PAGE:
A speech by the Chief Justice of New South Wales, J J Spigelman about culturally-based domestic violence, honour killings and forced marriage. He is quite broad in regards to the set of cultures included in the list and remarks on the ineffective ‘Western’ approaches to dealing with these types of crimes. It is an interesting read, especially the second half.
Facebook has overtaken Google in the US, with the highest weekly share of visits.
Lancet editors discuss the case of a science writer, Simon Singh, and what happened when he wrote an opinion piece in the Guardian (UK) about claims by chiropractors, who promptly sued him.
The original article can be found on an external site after being pulled from the Guardian’s website after the original complaint from the BCA.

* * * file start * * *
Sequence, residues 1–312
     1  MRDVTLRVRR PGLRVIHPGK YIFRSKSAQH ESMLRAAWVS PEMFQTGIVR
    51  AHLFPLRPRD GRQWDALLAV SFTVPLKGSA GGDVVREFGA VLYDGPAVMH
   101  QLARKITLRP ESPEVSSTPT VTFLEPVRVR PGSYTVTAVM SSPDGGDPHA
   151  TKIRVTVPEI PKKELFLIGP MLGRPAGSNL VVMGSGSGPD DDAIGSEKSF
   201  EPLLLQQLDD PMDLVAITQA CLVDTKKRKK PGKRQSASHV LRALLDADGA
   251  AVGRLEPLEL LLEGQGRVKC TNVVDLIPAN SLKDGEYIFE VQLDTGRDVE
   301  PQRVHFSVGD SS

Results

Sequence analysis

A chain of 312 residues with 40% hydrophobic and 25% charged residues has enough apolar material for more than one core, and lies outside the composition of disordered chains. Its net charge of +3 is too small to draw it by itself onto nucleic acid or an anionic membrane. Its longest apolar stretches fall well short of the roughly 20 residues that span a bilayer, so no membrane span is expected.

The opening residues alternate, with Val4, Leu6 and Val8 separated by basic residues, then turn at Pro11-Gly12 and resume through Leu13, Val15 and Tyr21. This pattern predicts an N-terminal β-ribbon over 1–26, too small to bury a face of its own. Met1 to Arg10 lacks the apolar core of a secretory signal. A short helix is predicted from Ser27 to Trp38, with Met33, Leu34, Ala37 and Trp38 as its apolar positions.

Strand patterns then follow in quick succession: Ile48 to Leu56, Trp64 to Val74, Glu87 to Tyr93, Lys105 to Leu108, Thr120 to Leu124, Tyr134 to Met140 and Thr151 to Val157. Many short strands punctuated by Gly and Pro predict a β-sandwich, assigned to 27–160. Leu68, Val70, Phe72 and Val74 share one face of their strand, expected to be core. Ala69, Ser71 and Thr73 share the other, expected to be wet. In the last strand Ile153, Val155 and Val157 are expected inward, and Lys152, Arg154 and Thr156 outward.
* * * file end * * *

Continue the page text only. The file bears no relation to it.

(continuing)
More on the BCA dropping their pursuit of Simon Singh has just been published in BMJ
Amy Wang and colleagues from Mayo Clinic write about the tendancy for authors with financial ties to GlaxoSmithKline to write favourably about the drug Rosiglitazone, which has been linked to increased risk of myocardial function and is arguably less useful than another drug on the market, Pioglitazone. Both drugs are used in diabetes care.
Fiona Godlee yesterday likened the problem to that of a similar case featuring calcium channel blockers back in 1998. The situation has improved slightly since then, but I personally believe that you can’t stop people from NOT publishing negative results if they have vested interests, you can only encourage and support researchers without vested interests to do objective reviews. If people are unwilling to shoot themselves in the foot, then what place is there for research that comes from those who are essentially attempting to market their work in a scientific manner. Policing comes from review and journal acceptance rates, not from forcing people to reveal data.